They chuckled as they ate.
“I’m serious. Who’s in charge? I’m going to write a letter.”
“We’ll mention it to the head maid in the morning,” Mary promised.
“Good.” I took a bite and shook my head in mock outrage.
Mary swallowed. “You’re so funny, Officer Leger.”
She smiled again. “Aspen. Are you going to stay when your term is up? I’m sure if you applied, the palace would want you as a permanent guard.”
Now that I was a Two, I knew I wanted to keep being a soldier . . . but at the palace?
“I don’t think so. My family is back in Carolina, so I’ll probably try to serve there if I can.”
“That’s a shame,” Lucy whispered.
“Don’t get sad just yet. I still have four years to go.”
She gave a tiny smile. “True.”
But I could tell she hadn’t really shaken it off. I remembered Lucy mentioning earlier that people she cared about tended to leave, and it felt bittersweet that somehow I’d become important to her. She mattered to me, too, of course. So did Anne and Mary. But their connection to me was almost exclusively through America. How had I become significant to them?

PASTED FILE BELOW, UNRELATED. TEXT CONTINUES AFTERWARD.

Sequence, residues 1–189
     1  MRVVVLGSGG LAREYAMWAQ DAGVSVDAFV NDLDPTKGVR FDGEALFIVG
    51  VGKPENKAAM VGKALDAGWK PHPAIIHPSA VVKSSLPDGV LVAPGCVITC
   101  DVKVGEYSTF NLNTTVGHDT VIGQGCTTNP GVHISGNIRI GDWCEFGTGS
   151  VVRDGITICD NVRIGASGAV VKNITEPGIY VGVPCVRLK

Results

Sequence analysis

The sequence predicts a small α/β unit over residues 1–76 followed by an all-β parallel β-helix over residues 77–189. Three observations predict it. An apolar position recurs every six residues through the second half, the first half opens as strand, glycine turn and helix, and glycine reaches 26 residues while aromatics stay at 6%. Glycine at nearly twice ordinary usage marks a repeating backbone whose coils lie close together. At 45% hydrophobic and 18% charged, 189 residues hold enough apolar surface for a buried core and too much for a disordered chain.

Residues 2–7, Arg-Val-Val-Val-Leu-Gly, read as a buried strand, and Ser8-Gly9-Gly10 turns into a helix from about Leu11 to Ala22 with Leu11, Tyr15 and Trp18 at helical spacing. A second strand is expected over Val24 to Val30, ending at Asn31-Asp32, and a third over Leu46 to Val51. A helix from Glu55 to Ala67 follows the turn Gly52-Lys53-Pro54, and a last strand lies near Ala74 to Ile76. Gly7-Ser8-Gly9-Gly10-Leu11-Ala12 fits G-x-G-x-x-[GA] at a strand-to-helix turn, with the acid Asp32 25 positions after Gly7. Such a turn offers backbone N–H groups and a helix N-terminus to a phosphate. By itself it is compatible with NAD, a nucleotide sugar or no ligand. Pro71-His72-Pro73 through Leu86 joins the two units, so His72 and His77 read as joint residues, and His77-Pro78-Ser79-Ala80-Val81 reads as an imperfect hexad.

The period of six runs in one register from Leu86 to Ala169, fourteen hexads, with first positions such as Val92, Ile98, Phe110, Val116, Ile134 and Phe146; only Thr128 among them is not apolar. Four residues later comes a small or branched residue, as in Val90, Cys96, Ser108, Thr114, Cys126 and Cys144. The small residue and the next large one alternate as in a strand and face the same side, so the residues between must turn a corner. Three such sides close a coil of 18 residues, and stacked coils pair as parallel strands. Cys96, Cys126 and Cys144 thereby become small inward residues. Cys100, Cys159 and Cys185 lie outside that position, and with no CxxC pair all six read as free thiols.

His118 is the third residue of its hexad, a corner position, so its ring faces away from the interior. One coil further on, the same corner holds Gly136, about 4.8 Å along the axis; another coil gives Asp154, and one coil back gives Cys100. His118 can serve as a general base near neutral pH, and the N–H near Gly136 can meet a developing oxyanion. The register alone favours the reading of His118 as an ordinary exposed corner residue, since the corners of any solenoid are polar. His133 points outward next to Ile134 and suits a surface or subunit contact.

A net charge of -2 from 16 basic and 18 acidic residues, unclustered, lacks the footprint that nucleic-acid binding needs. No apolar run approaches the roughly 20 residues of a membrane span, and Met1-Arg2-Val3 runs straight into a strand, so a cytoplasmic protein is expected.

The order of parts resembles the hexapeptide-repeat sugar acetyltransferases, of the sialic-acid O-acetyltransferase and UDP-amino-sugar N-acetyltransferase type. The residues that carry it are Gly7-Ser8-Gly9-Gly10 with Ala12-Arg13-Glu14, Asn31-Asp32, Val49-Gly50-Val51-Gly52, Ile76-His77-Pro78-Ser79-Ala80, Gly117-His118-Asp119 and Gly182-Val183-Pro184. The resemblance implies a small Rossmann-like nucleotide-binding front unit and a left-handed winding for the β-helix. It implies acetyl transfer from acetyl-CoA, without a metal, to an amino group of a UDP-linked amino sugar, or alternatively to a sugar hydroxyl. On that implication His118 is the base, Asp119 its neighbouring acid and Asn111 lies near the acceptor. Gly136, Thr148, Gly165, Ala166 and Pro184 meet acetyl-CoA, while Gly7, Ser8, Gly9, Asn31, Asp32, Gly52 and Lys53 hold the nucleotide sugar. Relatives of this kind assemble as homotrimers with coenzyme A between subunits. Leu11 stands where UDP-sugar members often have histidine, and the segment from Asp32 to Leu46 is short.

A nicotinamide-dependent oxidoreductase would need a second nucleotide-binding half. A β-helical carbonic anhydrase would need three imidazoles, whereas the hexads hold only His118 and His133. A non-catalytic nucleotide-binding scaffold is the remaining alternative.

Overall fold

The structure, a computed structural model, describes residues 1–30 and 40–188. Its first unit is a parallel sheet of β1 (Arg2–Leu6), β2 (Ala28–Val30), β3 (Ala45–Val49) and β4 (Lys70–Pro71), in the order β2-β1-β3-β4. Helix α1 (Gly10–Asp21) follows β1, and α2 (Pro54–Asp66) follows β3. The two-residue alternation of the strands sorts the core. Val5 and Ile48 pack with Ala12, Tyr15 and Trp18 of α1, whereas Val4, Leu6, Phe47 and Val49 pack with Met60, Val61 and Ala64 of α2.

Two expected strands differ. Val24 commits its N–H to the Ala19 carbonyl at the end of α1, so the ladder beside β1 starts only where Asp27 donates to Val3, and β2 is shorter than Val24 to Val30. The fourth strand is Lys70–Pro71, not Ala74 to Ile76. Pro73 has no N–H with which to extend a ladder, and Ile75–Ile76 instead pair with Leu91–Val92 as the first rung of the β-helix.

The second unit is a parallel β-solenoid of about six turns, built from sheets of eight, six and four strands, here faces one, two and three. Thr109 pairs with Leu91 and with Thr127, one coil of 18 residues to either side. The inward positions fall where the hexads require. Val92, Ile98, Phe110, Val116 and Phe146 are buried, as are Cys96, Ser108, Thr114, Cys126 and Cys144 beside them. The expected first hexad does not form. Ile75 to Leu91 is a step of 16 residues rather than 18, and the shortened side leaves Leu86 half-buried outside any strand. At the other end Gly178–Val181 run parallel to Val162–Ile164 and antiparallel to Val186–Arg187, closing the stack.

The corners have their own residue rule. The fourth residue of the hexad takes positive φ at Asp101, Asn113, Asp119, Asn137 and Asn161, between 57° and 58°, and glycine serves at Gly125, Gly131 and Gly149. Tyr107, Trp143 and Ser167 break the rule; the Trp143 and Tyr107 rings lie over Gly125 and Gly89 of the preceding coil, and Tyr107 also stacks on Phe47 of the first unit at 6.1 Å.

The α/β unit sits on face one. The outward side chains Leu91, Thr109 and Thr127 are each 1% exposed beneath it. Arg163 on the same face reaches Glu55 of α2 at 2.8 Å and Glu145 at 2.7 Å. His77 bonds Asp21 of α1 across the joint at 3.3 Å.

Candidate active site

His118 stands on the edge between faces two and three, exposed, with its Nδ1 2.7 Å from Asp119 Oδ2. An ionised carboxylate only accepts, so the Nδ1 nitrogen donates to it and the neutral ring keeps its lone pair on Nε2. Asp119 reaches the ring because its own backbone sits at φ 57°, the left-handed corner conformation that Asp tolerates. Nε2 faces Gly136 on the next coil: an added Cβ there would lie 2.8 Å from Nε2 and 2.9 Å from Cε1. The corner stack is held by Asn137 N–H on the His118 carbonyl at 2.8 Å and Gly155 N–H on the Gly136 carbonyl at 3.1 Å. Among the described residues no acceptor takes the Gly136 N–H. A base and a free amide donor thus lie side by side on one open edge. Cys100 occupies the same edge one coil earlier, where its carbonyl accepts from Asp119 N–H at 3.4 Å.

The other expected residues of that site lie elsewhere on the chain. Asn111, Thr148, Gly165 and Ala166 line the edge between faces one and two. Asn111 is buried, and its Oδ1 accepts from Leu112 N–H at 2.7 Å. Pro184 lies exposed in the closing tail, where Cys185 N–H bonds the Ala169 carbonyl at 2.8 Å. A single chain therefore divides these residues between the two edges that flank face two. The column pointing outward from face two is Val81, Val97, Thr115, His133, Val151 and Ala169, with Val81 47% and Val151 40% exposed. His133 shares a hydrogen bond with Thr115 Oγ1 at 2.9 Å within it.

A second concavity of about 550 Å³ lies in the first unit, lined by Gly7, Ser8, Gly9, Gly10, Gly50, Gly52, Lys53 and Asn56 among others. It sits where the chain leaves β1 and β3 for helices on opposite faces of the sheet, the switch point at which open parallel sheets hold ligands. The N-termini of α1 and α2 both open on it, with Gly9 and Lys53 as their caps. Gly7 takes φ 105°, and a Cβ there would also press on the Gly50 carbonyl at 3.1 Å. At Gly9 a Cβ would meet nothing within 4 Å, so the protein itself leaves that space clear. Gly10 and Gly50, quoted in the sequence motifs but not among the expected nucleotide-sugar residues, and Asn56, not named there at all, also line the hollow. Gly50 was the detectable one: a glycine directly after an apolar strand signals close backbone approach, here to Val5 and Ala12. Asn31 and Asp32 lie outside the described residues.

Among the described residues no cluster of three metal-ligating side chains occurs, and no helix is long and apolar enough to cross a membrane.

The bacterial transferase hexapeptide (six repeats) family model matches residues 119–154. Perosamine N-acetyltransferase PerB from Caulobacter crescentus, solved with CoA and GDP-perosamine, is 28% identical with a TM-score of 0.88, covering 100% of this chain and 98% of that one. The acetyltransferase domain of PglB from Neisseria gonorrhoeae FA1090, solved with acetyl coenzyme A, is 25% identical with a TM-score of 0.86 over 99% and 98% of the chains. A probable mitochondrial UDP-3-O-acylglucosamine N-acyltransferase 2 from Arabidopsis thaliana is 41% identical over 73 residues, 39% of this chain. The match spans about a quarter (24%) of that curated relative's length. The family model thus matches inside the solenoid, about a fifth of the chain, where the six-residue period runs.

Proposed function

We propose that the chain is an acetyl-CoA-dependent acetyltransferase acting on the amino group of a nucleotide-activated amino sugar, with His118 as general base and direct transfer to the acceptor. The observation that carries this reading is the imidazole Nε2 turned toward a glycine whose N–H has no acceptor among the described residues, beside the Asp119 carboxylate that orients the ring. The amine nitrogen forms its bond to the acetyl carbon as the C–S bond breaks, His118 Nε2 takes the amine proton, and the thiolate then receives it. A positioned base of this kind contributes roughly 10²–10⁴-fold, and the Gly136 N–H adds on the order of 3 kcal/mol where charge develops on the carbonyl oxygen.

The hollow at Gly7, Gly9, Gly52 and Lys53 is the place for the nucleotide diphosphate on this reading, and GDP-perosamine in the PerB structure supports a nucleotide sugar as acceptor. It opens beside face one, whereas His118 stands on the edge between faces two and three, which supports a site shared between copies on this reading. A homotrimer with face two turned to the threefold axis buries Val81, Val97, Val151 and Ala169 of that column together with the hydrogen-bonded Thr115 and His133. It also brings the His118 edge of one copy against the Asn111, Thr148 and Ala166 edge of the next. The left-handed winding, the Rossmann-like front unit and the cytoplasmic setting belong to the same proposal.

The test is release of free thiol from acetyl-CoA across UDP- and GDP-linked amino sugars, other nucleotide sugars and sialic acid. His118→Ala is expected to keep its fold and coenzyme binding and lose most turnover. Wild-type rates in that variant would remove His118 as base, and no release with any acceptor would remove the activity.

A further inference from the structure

“Do you have a big family?” Lucy asked.
I nodded. “Three brothers: Reed, Becken, and Jemmy, and three sisters: Kamber and Celia, who are twins, and then Ivy is the youngest. Plus my mom.”
Mary started covering the basket again. “What about your dad?”
“He died a few years ago.” I’d finally gotten to a place where I could say that without it tearing me apart. It used to feel crippling, because I still needed him. We all did. But I was lucky. Sometimes fathers would simply disappear in the lower castes, leaving those behind to fend for themselves or sink.
But my dad did everything he could for us, right up until the end. Because we were Sixes, things would always be hard, but he kept us above a line, let us maintain some pride in what we did and who we were. I wanted to be like that.
The paychecks would be nicer at the palace, but I could do a better job of providing if I was at least closer to home.
“I’m sorry,” Lucy said softly. “My mom died a few years ago, too.”